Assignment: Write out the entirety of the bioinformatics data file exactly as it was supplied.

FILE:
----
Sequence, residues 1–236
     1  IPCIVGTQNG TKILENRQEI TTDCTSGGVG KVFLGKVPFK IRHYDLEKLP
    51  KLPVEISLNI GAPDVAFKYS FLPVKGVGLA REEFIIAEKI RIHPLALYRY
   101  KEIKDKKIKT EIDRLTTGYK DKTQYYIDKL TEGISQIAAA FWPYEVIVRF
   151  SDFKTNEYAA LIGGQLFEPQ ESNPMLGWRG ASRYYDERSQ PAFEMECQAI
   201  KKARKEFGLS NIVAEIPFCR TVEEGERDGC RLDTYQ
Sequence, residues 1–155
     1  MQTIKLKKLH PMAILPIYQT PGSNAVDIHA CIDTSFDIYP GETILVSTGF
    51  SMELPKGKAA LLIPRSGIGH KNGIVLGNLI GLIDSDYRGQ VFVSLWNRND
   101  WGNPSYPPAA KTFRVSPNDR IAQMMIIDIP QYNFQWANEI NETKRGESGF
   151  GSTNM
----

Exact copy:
Sequence, residues 1–236
     1  IPCIVGTQNG TKILENRQEI TTDCTSGGVG KVFLGKVPFK IRHYDLEKLP
    51  KLPVEISLNI GAPDVAFKYS FLPVKGVGLA REEFIIAEKI RIHPLALYRY
   101  KEIKDKKIKT EIDRLTTGYK DKTQYYIDKL TEGISQIAAA FWPYEVIVRF
   151  SDFKTNEYAA LIGGQLFEPQ ESNPMLGWRG ASRYYDERSQ PAFEMECQAI
   201  KKARKEFGLS NIVAEIPFCR TVEEGERDGC RLDTYQ
Sequence, residues 1–155
     1  MQTIKLKKLH PMAILPIYQT PGSNAVDIHA CIDTSFDIYP GETILVSTGF
    51  SMELPKGKAA LLIPRSGIGH KNGIVLGNLI GLIDSDYRGQ VFVSLWNRND
   101  WGNPSYPPAA KTFRVSPNDR IAQMMIIDIP QYNFQWANEI NETKRGESGF
   151  GSTNM